Communications by an issuer, or any person acting on its behalf

“Person acting on behalf of an issuer” is defined as:

any senior official of the issuer or any other officer, employee, or agent of an issuer who regularly communicates with certain persons enumerated in the regulation or with holders of the issuer’s securities

Scope of Communications Covered
(Communications “To”) 
Communications made to another person or company

Communications made to securities market professionals or holders of the issuer’s securities, including:

a broker or dealer, or a person associated with a broker or dealer
an investment adviser, an institutional investment manager or a person associated with either of the foregoing
an investment company or an affiliated person, or
a holder of the issuer’s securities under circumstances in which it is reasonably foreseeable that the person will purchase or sell the issuer’s securities on the basis of the information

Excluded are communications made:

to a person who owes a duty of trust or confidence to the issuer (such as an attorney, investment banker, or accountant)
to a person who expressly agrees to maintain the disclosed information in confidence
to an entity whose primary business is the issuance of credit ratings, provided that the information is disclosed solely for the purpose of developing a credit rating and the entity’s ratings are publicly available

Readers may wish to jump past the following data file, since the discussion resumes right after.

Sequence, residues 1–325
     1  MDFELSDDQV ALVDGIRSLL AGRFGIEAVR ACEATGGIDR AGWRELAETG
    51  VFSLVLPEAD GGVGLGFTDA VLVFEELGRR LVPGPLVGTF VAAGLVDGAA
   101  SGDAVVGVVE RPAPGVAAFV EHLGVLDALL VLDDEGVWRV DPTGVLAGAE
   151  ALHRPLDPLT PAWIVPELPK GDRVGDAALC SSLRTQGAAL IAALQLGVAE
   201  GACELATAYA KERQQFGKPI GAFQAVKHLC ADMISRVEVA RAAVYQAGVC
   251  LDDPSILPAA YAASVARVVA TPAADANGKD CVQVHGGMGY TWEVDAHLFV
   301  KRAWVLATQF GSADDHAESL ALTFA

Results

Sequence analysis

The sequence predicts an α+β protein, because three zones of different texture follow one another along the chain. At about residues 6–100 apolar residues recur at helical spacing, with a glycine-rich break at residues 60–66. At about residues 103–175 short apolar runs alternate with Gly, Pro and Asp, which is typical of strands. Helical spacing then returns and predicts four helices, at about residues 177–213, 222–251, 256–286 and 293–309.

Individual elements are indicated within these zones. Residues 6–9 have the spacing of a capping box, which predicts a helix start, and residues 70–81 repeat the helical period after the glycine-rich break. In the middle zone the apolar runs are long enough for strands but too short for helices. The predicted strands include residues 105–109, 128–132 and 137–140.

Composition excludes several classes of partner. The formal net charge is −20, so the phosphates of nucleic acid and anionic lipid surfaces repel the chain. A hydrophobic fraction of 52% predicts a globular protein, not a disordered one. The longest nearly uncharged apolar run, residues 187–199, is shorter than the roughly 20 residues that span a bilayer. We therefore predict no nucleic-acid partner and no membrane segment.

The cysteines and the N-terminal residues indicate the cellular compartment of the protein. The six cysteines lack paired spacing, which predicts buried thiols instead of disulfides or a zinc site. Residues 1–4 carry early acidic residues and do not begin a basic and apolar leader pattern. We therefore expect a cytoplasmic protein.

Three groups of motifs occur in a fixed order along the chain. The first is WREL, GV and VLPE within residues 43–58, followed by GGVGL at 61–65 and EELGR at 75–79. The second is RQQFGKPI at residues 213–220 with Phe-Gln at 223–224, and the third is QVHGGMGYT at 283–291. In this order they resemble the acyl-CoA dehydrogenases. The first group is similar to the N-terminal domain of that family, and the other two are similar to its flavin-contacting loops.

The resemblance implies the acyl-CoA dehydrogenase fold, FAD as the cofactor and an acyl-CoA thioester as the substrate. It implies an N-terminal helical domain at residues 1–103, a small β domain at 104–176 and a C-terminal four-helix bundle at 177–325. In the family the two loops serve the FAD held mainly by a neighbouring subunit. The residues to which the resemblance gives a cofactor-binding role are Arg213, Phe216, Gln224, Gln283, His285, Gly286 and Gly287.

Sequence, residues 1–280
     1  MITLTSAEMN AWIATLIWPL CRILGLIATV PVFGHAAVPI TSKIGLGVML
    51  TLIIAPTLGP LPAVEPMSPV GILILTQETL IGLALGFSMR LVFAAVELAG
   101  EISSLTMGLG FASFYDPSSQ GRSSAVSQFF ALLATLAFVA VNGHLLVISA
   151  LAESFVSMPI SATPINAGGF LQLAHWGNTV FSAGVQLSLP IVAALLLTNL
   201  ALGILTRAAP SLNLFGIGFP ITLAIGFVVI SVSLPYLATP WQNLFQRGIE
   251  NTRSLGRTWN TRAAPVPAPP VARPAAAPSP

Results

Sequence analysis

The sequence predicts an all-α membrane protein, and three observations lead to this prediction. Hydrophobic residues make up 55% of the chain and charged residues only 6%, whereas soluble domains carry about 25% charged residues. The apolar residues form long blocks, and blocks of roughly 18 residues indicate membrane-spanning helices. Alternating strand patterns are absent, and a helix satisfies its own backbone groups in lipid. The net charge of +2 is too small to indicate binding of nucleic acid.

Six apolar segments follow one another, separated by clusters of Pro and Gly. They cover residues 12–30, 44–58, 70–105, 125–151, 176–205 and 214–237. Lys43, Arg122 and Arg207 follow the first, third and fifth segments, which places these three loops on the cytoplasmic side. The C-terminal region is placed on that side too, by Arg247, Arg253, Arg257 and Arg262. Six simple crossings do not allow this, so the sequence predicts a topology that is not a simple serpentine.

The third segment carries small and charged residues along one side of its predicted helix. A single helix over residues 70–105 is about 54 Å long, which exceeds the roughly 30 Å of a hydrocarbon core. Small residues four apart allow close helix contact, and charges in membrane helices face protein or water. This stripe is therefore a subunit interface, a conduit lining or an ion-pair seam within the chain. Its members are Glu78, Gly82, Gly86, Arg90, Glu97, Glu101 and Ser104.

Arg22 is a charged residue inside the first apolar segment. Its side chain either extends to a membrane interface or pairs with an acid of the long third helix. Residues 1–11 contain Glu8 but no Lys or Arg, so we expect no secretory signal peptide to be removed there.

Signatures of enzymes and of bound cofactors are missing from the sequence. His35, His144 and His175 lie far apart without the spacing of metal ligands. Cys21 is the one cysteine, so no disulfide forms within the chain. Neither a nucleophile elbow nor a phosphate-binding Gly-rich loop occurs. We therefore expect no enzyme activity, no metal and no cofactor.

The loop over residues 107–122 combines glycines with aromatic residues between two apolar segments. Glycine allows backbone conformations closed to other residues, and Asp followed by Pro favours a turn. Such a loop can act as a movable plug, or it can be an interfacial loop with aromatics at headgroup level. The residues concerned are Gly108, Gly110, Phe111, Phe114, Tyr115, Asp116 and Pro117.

in connection with securities offering registered under the Securities Act  


Any information “that significantly affects, or would reasonably be expected to have a significant effect on, the market price or value” of the securities

“Privileged information” is defined in Québec securities legislation as any information “that has not been disclosed to the public and that could affect the decision of a reasonable investor”

U.S. case law interprets materiality as follows:

information is material if “there is a substantial likelihood that a reasonable shareholder would consider it important” in making an investment decision
there must be a substantial likelihood that a fact “would have been viewed by the reasonable investor as having significantly altered the ‘total mix’ of information available”

Timing of Required Disclosure

An issuer must first generally disclose material information before it discloses it to any person or company

Where a “material change” occurs in the affairs of a reporting issuer, the issuer must immediately issue and file a press release disclosing the nature and substance of the change, followed by a material change report filed within ten days of the date on which the change occurred 

For an “intentional” selective disclosure, the issuer is required to publicly disclose the same information simultaneously
a selective disclosure is “intentional” when the issuer or person acting on their behalf either knows or is reckless in not knowing, prior to making the disclosure, that the information is both material and nonpublic